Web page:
July 5, 2012
NJ Supreme Court Rules Public School Clinic Records Are Not Subject to Open Records Request
A case came out of the New Jersey Supreme Court this morning that essentially limits disclosure of law school clinic case files via FOIA request. The law in question is the Open Public Records Act (OPRA), N.J.S.A. 47:1A-1 to -13. A developer sued for the records after they were initially denied by the University. The Clinic was representing parties that opposed the development of a mall planned by the developer. The request was designed to uncover if attorneys for one of the parties was working with or assisting the Clinic and the substance of those communications. The trial court dismissed the suit but the Appellate Court reversed.
The New Jersey Supreme Court held that the records sought were not subject to OPRA. The Court acknowledges that the statute has broad application. Rutgers, however, is a unique entity which the Court calls a public and private institution. This is based on Rutgers’ status as a private institution before it joined the state supported education system. Earlier precedent by the Court held that a clinical professor was not subject to the State’s conflict of interest laws when the clinic represented a private party before a state agency. The legislature never overturned that holding when it drafted OPRA in 2001. Therefore the reasoning of that case applied to the records request.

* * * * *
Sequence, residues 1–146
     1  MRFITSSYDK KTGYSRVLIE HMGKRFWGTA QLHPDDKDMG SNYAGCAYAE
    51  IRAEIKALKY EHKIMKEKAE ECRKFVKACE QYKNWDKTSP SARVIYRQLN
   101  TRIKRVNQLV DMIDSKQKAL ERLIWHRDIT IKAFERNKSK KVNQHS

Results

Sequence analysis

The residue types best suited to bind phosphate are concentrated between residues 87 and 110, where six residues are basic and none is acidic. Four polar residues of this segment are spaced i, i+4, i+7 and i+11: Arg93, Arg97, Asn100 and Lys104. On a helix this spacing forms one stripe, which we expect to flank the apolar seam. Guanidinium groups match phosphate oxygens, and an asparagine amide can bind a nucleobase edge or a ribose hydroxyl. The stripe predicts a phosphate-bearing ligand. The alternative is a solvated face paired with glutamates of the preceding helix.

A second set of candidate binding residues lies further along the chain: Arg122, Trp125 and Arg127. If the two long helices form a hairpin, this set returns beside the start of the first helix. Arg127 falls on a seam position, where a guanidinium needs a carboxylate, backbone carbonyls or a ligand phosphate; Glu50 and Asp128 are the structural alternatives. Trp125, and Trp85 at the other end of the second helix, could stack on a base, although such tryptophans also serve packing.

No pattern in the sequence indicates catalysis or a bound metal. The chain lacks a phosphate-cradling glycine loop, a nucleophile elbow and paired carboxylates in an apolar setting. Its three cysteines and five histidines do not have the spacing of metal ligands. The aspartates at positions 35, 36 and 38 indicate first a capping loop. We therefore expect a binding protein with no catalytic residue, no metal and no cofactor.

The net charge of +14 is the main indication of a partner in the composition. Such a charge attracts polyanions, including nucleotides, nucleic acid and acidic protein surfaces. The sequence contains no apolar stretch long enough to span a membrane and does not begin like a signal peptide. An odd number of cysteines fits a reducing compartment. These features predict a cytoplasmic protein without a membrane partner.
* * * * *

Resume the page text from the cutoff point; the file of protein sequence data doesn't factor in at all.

The Court also notes the resulting administrative burden on clinics to answer such requests. The fact that a public school would be required to disclose information and a private school would not leads to absurd results. The Court said the legislature would not have intended that. In any event, law school clinical programs do not perform government functions, thus disclosure of client files would not further the purpose of OPRA. The common law right of access does not apply for the same reason.